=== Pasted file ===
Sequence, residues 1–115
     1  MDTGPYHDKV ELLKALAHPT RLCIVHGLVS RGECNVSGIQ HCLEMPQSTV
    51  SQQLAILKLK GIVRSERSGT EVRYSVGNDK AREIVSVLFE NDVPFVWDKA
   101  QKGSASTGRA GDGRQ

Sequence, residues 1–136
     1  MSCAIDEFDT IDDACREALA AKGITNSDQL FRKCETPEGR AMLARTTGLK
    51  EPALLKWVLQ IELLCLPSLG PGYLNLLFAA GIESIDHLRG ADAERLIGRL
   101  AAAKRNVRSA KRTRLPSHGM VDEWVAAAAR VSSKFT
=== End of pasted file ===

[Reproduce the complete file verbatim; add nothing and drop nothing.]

Sequence, residues 1–115
     1  MDTGPYHDKV ELLKALAHPT RLCIVHGLVS RGECNVSGIQ HCLEMPQSTV
    51  SQQLAILKLK GIVRSERSGT EVRYSVGNDK AREIVSVLFE NDVPFVWDKA
   101  QKGSASTGRA GDGRQ

Sequence, residues 1–136
     1  MSCAIDEFDT IDDACREALA AKGITNSDQL FRKCETPEGR AMLARTTGLK
    51  EPALLKWVLQ IELLCLPSLG PGYLNLLFAA GIESIDHLRG ADAERLIGRL
   101  AAAKRNVRSA KRTRLPSHGM VDEWVAAAAR VSSKFT